As communities try to find ways to reduce the impact of the environment, it will be crucial to reduce large-scale sectors and industrial processes in the coming years.
If the latest findings of the Intergovernmental Panel on Climate Change are to be made, it will take time to find new solutions and technologies to do so.
Last week’s report warned that global warming could not be achieved without rapid, rapid, and massive greenhouse gas emissions over the next two decades. Releases.
In light of this concern, many companies are trying to reduce the environmental impact of carbon dioxide emissions by approximately 1.8%, according to the Royal Society.
For example, on Monday, three Norwegian companies – Energy Power Statkraft, Aker Clean Hydrogen and Fertilizer Specialist Yara – launched a company focused on a product called “green” ammonia.
The new company, called HEGRA, is jointly owned by all three businesses. According to Straftt, which owns the Norwegian state, HEGRA focuses on electric powering and extinguishing the ammonia plant in Hersi, Norway.
The broad idea behind motivation is to generate ammonia using renewable energy. Ammonia is then used to produce carbon-free fertilizers. Straff describes green ammonia as “a promising zero-emission oil for the coast.”
JENC General Manager Sven Torre Holsterser told CBCC on Monday morning.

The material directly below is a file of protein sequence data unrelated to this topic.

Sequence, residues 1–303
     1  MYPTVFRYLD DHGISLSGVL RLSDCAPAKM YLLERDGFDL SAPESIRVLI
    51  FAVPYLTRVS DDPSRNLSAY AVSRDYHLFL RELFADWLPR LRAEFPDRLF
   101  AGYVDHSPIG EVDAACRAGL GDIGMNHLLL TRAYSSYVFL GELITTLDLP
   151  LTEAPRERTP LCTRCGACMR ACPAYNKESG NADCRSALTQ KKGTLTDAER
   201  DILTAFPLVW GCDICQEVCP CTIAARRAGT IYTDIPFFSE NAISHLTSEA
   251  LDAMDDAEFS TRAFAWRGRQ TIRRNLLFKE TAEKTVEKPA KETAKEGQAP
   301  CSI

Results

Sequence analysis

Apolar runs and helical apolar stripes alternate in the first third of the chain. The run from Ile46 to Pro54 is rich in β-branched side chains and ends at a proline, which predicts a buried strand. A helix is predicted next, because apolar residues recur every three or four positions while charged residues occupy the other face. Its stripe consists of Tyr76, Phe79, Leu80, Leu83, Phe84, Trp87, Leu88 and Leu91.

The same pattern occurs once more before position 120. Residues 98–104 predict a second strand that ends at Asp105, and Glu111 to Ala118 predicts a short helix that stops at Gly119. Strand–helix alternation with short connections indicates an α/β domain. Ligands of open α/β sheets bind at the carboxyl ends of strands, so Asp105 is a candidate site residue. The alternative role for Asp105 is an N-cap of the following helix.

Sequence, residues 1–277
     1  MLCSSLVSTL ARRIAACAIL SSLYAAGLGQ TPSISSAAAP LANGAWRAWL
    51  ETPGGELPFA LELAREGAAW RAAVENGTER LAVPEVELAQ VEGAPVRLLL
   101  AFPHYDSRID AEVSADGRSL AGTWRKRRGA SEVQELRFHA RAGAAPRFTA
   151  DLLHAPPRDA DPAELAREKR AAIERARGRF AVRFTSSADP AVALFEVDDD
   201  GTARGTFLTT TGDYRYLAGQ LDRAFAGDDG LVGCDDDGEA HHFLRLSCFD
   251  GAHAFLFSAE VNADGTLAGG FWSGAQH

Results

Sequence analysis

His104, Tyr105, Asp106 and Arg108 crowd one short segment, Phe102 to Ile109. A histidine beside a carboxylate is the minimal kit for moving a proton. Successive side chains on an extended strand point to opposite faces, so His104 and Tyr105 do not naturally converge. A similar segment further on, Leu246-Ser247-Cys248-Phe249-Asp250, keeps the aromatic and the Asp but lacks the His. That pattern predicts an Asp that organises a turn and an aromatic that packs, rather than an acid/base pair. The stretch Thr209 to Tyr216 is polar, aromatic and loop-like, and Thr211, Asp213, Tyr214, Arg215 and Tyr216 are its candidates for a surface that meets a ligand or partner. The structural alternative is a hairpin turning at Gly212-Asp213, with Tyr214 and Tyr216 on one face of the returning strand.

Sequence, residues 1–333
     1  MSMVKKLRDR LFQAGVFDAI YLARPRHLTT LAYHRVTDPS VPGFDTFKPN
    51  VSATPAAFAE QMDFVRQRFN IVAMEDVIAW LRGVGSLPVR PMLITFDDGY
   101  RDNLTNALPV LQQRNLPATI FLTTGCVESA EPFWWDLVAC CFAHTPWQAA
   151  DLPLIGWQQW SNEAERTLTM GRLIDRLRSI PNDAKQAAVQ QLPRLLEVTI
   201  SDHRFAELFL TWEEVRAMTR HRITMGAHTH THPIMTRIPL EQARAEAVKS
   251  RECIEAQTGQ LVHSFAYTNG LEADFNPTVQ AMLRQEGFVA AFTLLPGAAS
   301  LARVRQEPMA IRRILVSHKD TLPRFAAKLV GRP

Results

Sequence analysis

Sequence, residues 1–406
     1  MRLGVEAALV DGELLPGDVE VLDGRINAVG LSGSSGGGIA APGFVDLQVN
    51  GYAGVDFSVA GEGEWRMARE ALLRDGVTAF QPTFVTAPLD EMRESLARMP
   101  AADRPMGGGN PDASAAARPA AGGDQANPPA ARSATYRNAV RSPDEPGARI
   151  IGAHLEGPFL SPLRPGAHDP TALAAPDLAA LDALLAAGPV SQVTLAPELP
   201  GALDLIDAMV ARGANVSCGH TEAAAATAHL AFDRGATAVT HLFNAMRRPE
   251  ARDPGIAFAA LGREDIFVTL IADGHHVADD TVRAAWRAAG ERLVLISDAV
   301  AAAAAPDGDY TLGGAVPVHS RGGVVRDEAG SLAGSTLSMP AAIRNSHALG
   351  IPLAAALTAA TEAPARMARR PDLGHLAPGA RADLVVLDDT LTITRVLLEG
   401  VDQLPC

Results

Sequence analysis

“The technology is there, but it’s also about converting it into production,” he said. And the good thing about ammonia production and fertilizer production is that you already have the infrastructure.
Since we are talking here in Norway, we can produce renewable fertilizer and supply it to the farmers as soon as possible.
Regarding the timeline, Holshter indicated that it would take five to seven years to launch the project.
The creation of HEGRA is just one example of how companies are looking at ways to reduce ammonia-related emissions.
Yara is working with ENGIE on plant renewable hydrogen and ammonia production in Australia. The project is supported by the Australian Government with $ 42.5 million ($ 31.15 million).
Last week, oil and gas giant BPP announced that “green hydrogen and green ammonia production using renewable energy” could now be technically operational in Australia.
The Energy Major conclusion is based on the findings of a May 2020 feasibility study and is supported by the Australian Renewable Energy Agency, solar developer Lightsource bp and GHD Consulting Professional Services.
In a statement, BP described the vast territory of Western Australia as a “suitable place” for the development of renewable energy resources that could produce “green hydrogen and / or green ammonia” for domestic and foreign markets.
– CNBC’s Sam Meredith contributed to this report